res = float(weak_df[weak_df['type'] == j][i])
return res
def calc_tij(poke_i, poke_j):
poke_row_i = poke_df[poke_df['name'] == poke_i].iloc[0]
poke_row_j = poke_df[poke_df['name'] == poke_j].iloc[0]
dmg_ji = (200. + 10)/250
dmg_ji = float(poke_row_j['attack'])/float(poke_row_i['defence'])
dmg_ji *= weakness_weight(eval(poke_row_j['type']),
eval(poke_row_i['type']))
return poke_row_i['hp']/dmg_ji
def sim_poke_battle(poke_i, poke_j):
if calc_tij(poke_i, poke_j) > calc_tij(poke_j, poke_i):
return poke_i, poke_j
return poke_j, poke_i
```

I ran some of the code, and the posterior output looked like this:

The maximum likelihood then gives an insight for the best/worst pokemon.

```
name mle name mle
128 Magikarp 0.011007 142 Snorlax 0.877423
112 Chansey 0.013735 248 Lugia 0.882689
348 Feebas 0.015845 487 Cresselia 0.883819
171 Pichu 0.019108 66 Machoke 0.887577
291 Shedinja 0.020473 713 Avalugg 0.890049
439 Happiny 0.026763 380 Latios 0.893087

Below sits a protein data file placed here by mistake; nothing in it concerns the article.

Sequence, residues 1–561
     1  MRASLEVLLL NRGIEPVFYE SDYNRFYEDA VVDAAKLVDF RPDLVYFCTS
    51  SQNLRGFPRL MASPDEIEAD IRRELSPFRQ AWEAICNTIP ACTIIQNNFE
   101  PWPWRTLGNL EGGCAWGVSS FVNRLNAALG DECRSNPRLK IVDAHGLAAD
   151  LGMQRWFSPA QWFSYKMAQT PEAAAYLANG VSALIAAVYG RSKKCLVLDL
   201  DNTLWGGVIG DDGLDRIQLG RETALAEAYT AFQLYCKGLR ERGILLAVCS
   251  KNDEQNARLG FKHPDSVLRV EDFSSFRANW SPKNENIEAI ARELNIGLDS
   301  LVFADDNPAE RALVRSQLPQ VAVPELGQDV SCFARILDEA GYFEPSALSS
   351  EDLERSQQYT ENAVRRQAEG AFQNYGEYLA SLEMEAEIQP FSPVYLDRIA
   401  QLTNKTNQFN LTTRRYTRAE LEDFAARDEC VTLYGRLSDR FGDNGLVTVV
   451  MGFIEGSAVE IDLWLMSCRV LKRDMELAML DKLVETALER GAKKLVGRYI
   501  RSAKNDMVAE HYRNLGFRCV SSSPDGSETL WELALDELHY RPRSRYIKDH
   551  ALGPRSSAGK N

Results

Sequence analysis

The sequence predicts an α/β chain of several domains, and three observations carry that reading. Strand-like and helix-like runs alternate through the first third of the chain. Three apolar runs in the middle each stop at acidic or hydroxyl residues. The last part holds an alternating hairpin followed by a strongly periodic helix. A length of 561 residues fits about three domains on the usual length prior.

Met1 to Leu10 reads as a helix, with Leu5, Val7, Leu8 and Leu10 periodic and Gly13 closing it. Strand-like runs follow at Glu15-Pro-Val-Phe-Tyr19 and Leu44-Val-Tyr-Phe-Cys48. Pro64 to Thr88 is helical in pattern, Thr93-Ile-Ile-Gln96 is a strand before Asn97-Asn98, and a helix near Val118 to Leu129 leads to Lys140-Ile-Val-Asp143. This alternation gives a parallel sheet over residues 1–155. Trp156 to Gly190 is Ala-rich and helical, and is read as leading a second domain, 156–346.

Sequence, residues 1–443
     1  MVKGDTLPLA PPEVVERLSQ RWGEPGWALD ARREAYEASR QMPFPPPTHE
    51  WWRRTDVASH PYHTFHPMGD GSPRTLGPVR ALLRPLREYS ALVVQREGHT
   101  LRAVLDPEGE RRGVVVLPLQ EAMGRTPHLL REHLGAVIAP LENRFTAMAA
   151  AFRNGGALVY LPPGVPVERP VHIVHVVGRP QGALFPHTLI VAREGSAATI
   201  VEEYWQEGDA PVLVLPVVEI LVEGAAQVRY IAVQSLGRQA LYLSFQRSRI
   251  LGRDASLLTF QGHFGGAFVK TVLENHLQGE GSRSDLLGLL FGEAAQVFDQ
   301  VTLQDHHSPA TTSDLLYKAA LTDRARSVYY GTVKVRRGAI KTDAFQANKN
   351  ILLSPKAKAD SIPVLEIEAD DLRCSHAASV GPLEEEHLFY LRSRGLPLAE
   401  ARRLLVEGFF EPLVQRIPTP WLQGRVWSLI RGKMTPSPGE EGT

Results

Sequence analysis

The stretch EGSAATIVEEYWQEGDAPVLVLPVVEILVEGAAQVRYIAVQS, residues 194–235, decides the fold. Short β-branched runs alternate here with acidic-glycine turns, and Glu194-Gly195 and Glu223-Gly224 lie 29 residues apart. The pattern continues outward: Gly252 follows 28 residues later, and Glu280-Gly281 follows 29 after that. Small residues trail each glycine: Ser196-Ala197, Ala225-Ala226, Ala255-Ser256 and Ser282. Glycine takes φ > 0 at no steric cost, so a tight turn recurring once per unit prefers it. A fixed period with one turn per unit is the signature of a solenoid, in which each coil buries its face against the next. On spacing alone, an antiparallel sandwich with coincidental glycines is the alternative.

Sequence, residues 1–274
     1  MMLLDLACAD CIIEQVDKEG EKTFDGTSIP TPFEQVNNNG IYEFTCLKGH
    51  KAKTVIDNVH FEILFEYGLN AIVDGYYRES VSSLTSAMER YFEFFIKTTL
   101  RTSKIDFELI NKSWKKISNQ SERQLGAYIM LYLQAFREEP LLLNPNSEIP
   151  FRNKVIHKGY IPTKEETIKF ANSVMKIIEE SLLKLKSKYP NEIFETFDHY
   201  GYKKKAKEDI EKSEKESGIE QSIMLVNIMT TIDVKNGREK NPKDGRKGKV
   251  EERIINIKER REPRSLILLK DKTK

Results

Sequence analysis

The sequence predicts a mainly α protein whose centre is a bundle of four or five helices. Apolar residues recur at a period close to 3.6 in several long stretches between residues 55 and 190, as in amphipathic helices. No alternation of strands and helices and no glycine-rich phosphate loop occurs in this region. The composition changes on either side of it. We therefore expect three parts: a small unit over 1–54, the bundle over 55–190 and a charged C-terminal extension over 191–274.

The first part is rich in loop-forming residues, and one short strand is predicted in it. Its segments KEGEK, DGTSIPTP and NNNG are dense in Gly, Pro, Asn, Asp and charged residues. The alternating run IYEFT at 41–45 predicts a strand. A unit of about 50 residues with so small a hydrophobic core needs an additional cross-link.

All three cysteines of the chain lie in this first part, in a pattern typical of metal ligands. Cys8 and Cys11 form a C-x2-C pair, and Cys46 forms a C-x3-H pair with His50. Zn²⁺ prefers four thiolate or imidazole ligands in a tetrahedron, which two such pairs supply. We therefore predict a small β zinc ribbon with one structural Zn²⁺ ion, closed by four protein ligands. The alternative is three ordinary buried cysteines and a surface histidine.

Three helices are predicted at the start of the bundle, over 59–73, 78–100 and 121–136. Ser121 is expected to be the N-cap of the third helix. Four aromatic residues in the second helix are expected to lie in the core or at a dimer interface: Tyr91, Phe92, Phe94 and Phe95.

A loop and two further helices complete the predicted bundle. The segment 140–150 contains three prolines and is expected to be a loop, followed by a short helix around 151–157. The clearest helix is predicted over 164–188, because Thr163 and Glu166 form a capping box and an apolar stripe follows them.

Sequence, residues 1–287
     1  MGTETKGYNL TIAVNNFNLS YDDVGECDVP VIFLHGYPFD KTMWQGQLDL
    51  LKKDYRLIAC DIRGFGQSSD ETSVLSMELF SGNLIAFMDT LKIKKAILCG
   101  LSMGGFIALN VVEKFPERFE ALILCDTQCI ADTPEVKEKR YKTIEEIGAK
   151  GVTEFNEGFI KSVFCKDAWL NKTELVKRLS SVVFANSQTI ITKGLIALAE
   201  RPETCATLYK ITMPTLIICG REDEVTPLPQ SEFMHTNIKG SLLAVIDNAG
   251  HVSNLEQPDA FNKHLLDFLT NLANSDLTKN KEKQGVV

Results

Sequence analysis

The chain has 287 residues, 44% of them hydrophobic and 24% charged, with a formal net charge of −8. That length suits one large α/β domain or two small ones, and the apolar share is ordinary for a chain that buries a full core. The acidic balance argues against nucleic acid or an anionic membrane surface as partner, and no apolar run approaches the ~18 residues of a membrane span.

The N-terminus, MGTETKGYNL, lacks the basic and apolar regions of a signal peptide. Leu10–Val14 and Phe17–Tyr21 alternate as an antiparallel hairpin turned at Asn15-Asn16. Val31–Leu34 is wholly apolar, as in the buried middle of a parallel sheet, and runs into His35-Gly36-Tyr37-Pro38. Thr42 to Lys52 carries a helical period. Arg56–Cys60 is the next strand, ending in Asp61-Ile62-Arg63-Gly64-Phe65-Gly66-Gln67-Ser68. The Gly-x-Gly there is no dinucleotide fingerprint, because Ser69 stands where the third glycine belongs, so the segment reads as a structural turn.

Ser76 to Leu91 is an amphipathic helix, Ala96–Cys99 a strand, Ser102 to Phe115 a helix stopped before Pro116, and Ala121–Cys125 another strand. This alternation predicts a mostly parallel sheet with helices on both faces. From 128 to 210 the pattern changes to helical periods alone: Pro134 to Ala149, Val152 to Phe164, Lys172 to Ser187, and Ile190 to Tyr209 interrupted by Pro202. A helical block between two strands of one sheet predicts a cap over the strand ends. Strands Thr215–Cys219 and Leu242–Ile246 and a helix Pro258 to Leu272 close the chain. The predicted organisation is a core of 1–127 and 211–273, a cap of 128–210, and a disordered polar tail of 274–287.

241 Blissey 0.037009 148 Dragonite 0.895297
172 Cleffa 0.042802 611 Haxorus 0.895832
234 Smeargle 0.048575 290 Ninjask 0.897319
49 Diglett 0.054010 388 Torterra 0.902103
400 Kricketot 0.057252 717 Yveltal 0.904122
297 Azurill 0.058177 646 Kyurem 0.914460
235 Tyrogue 0.060337 485 Regigigas 0.916059
659 Bunnelby 0.060847 305 Aggron 0.916220
62 Abra 0.064720 597 Ferrothorn 0.916377
173 Igglybuff 0.068975 425 Drifblim 0.917240
190 Sunkern 0.071101 644 Zekrom 0.919065
279 Ralts 0.081876 537 Throh 0.921175
160 Sentret 0.082374 482 Dialga 0.928502
51 Meowth 0.083082 149 Mewtwo 0.951472
174 Togepi 0.087797 483 Palkia 0.953823
581 Vanillite 0.091351 288 Slaking 0.956629
212 Shuckle 0.095570 375 Metagross 0.957383
18 Rattata 0.100470 492 Arceus 0.957729
330 Cacnea 0.100798 716 Xerneas 0.960467
```

I have run this algorithm a few times and it seems doesn’t seem to converge very consistently. It does some things very well; the fact that magicarp is generally performing poorly is good news. I’ve also noticed Mew/Mewtwo in the higher skilled area. I’m still concerned that this algorithm fails to grasp the rock/paper scissors element that is in the game. But the fact that I am assuming that every pokemon is fighting with only basic attacks also does not help.

As a final push one might consider making an ensemble of these pokemon rankings to see if the convergence can be make to go faster. Another tweak to consider is to have the matching of these pokemon not be random during the learning. I like the results of the exercise, but it seems that we are not done with ranking pokemon.